Fowler beats Tiger at home and at World Challenge

Tiger Woods plans his putt on second hole of the Hero World Challenge at Albany Golf Club in Nassau, Bahamas, Sunday, Dec. 3, 2017. (AP Photo/Dante Carrer)

Combined ShapeCaption
Tiger Woods plans his putt on second hole of the Hero World Challenge at Albany Golf Club in Nassau, Bahamas, Sunday, Dec. 3, 2017. (AP Photo/Dante Carrer)

Rickie Fowler isn't winning as much as he would like. He's still undefeated against Tiger Woods over the last month.

According to Fowler, anyway.

They played in Florida as Woods began working toward a return to competition from his fourth back surgery. Woods said it was young players like Fowler, Justin Thomas and Daniel Berger who motivated him, encouraged him and at times helped him understand where his game was at.

Fowler and Woods both left the Hero World Challenge with plenty of optimism for the new year.

Fowler rallied from a seven-shot deficit by opening with seven straight birdies and closing with an 11-under 61, the course record at Albany Golf Club, for a four-shot victory over Charley Hoffman that moved him to No. 7 in the world.

Woods had three rounds in the 60s, and even with back-to-back bogeys, he closed with 68 on Sunday and tied for ninth in the 18-man field. It still was his best result since a playoff loss in this holiday event in 2013 when it was held at Sherwood Country Club in California.

"I'm excited the way this week has gone on," Woods said. "It was a very good week."

As for those matches in Florida?

"I didn't lose," Fowler said.


"I was 1 down after nine and he went to go play nine holes with Sam," Fowler said, referring to Woods' 10-year-old daughter. "I think we both shot 65 on a day that it wasn't playing easy, typical kind of south Florida wind. It was never like a match was given to anyone."

There were other times when they played for fun. More than who lost the bets and for how much was that Woods was playing again, and playing a lot.

"It's been cool to see Tiger able to be back playing at home, or even here, just out having fun and healthy," Fowler said. "One of the times we played 18 holes, I was going to go back to work out. And he went and played another nine."

As much as Woods gives credit to Fowler and the kids for bringing him along, maybe it was Woods who helped Fowler.

Fowler had taken off five weeks after the Presidents Cup when he played two rounds with Woods to get ready for the OHL Classic in Mayakoba, Mexico, the only official PGA Tour event he played in the fall portion of the schedule. Fowler shot four rounds in the 60s and finished one shot behind Patton Kizzire.

They played two or three times before Thanksgiving, and when Fowler returned to golf in the Bahamas, he turned in the best closing performance of his career.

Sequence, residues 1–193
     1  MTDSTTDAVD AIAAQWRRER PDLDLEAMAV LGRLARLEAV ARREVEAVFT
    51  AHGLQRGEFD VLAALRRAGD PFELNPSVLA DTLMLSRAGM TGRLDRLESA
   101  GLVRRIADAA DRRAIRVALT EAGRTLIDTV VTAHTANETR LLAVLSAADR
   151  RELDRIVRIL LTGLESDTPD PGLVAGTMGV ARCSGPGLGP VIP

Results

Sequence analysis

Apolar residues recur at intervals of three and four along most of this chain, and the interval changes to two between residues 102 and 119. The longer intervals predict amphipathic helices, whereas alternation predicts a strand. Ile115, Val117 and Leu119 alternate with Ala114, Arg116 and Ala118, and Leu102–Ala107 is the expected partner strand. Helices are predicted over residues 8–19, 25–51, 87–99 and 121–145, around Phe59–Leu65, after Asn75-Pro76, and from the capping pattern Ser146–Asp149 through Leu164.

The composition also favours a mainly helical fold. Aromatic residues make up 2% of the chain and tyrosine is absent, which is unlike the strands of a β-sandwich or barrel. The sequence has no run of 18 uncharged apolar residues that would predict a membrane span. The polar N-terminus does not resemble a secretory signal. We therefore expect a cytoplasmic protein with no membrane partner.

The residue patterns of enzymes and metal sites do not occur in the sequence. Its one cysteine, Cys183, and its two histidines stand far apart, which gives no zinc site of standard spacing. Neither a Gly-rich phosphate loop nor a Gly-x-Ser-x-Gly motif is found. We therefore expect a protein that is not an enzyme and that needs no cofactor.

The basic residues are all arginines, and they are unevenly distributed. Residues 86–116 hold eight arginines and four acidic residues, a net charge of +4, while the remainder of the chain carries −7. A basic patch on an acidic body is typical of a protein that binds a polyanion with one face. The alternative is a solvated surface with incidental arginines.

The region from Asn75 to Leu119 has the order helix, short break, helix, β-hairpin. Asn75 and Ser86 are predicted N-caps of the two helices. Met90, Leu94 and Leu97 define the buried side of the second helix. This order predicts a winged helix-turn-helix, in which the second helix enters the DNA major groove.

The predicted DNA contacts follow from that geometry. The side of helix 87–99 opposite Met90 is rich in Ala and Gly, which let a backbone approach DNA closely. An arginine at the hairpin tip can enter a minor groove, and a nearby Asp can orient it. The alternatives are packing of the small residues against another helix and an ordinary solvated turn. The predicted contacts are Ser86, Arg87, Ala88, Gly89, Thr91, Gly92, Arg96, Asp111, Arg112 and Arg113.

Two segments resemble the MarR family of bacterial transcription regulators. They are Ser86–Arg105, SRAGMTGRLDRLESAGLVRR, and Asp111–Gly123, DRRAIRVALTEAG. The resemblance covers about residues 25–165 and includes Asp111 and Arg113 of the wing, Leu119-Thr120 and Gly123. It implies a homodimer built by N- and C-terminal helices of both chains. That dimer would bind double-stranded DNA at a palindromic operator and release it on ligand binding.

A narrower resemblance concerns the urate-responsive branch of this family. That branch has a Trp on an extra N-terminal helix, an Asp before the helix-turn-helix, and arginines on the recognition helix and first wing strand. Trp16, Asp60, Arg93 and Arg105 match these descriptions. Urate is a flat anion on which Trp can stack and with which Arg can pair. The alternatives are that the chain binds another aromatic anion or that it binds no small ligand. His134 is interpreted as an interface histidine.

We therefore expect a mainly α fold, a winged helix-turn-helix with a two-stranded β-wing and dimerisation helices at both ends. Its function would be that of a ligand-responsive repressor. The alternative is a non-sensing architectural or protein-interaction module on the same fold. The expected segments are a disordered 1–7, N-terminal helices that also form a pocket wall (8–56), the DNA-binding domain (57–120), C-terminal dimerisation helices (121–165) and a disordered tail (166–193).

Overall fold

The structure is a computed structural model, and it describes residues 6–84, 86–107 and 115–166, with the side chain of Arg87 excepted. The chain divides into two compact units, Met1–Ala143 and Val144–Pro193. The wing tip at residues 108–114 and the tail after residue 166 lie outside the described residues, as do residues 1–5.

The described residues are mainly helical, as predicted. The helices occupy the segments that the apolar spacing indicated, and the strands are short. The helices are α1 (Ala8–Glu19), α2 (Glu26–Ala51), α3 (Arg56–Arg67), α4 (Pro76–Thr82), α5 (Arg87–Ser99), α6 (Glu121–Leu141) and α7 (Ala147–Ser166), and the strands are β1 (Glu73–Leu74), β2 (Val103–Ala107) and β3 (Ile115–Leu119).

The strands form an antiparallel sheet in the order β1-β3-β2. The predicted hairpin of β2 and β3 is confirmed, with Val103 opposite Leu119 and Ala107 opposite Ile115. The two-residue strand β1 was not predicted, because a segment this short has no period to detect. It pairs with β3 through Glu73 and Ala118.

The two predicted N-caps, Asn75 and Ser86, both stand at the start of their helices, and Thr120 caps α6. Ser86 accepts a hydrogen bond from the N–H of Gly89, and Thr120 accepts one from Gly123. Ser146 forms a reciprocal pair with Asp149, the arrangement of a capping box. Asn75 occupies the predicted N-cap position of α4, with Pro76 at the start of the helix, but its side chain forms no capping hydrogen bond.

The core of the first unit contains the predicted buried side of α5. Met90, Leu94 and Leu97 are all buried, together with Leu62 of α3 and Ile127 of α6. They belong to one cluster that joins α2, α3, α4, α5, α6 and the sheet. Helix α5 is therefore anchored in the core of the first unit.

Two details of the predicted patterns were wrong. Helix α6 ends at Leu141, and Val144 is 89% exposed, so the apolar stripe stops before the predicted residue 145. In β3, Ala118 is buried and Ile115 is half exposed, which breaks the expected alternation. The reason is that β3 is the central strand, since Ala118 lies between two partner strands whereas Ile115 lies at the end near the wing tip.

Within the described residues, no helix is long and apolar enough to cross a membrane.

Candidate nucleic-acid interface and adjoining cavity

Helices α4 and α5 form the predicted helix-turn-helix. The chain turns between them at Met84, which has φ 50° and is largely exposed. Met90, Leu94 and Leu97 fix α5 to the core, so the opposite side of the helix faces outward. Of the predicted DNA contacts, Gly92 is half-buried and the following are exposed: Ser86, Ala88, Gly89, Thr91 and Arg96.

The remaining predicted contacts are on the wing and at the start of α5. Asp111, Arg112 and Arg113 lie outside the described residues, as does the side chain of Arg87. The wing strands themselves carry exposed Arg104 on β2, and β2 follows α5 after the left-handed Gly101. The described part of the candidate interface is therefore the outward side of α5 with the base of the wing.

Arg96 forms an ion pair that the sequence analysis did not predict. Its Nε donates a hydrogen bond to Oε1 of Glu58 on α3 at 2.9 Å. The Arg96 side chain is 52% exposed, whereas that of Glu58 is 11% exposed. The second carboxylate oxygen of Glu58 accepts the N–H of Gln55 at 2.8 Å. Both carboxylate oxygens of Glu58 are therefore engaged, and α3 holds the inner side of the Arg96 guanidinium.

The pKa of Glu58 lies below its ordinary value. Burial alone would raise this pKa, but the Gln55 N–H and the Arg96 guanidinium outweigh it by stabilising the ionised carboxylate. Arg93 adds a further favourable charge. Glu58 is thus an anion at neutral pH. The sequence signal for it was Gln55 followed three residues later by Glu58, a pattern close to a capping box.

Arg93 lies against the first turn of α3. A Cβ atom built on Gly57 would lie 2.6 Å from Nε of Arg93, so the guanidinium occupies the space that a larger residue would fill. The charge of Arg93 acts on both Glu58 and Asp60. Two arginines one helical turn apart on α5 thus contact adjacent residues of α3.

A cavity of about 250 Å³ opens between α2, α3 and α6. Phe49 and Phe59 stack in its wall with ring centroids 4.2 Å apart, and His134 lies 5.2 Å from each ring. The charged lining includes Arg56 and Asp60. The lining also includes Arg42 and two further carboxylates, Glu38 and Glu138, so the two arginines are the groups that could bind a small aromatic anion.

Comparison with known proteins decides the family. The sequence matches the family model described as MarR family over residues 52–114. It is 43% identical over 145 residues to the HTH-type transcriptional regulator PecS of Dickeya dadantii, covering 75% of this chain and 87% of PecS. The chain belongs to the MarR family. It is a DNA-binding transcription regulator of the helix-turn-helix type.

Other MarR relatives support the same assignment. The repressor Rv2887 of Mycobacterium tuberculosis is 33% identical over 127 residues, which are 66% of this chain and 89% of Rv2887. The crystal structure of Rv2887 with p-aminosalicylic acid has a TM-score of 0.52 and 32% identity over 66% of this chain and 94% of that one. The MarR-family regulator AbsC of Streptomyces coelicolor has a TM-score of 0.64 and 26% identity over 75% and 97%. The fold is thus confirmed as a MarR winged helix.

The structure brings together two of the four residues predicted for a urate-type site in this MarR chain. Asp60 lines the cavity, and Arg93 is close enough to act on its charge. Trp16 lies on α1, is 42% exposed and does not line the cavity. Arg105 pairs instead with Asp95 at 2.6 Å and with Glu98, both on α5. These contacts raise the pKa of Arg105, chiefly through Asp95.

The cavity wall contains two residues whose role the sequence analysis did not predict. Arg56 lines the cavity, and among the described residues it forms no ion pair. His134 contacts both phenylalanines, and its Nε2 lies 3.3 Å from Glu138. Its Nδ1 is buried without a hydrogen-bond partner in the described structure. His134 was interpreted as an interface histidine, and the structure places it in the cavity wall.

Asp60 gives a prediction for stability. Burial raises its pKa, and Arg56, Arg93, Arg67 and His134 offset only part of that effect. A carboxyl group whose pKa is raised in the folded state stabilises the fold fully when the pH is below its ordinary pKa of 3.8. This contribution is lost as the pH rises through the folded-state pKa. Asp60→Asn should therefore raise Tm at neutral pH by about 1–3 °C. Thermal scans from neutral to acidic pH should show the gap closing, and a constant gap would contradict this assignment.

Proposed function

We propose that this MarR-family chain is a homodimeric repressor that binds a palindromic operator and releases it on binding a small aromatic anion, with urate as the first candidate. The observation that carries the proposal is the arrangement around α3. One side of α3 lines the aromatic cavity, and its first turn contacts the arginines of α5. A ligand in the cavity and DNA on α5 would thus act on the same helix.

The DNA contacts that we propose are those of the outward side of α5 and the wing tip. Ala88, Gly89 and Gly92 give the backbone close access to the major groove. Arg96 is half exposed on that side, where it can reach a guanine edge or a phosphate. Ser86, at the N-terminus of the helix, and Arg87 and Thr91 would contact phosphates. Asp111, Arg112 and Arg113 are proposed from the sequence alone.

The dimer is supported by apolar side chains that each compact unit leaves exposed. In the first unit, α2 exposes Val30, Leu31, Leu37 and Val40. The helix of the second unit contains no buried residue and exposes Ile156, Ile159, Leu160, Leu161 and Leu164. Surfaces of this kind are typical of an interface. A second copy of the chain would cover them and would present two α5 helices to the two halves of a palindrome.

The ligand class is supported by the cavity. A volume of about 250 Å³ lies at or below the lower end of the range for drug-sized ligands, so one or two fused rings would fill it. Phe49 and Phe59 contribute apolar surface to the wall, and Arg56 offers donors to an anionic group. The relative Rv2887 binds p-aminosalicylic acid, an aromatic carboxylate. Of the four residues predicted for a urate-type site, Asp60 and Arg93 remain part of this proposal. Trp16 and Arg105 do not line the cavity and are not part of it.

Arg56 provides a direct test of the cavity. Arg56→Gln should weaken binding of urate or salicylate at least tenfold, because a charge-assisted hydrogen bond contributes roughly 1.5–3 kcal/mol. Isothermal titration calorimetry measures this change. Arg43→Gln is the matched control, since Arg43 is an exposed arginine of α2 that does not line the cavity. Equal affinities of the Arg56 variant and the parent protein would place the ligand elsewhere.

"I think he sharpened me up a little bit," Fowler said with a grin. "I've gotten a little scared of how good he was playing at home, thought I needed to start playing a little bit better or something."

Fowler is not always known for a fast start. In three majors this year, he stumbled at the start of the round and then made a big charge late — especially at the PGA Championship — until he ran out of holes.

That wasn't the case in the Bahamas.

Fowler was seven shots out of the lead — three shots ahead of Woods — and he was leading before he even made the turn.

He holed birdie putts of about 12 feet on the first two holes, hit a gap wedge to 3 feet on the par-5 third, made his toughest putt into the green from 15 feet on No. 4, and then holed a bunker shot on No. 5. Fowler followed that with another wedge that spun back to a foot on the par-5 sixth, and he hit out of a bunker to about 7 feet on the next hole.

"You just try and ride her till she bucks you, you know?" Fowler said. "Ride until the horse kicks you off."

He made par on No. 8, ending his streak. Fowler recalled starting a round with seven straight birdies when he was 17 at the Polo Match Play at Sea Island. He wanted a personal record, but figured if a birdie streak was going to end, let it end with a par and nothing worse.

And by then, Hoffman couldn't do much about it.

Hoffman closed with a 72 to finish alone in second. Tommy Fleetwood (67) and Jordan Spieth (69) tied for third.

The scores will show that Woods finished 10 shots behind in a tie for ninth, and even though he drove the green on the par-4 seventh and made eagle, and shot 31 on the front nine for the second straight day, he was never in contention.

But this was about more than a score.

He was strong from start to finish. Woods said there were no issues with his back, and that 2-iron he quickly and violently recoiled with a shot in the par-5 third hole showed that. He made only one double bogey, a big improvement from last year. And he already was looking ahead to 2018. He said he would take the next few weeks to figure out what kind of schedule he would play.

And there would still be time for rounds at home against some of the world's best.

"I'm sure the guys will have some denominations they want to play for," Woods said. "They want to compete. They want to see me back out there. And it's really nice to have that type of camaraderie."

About the Author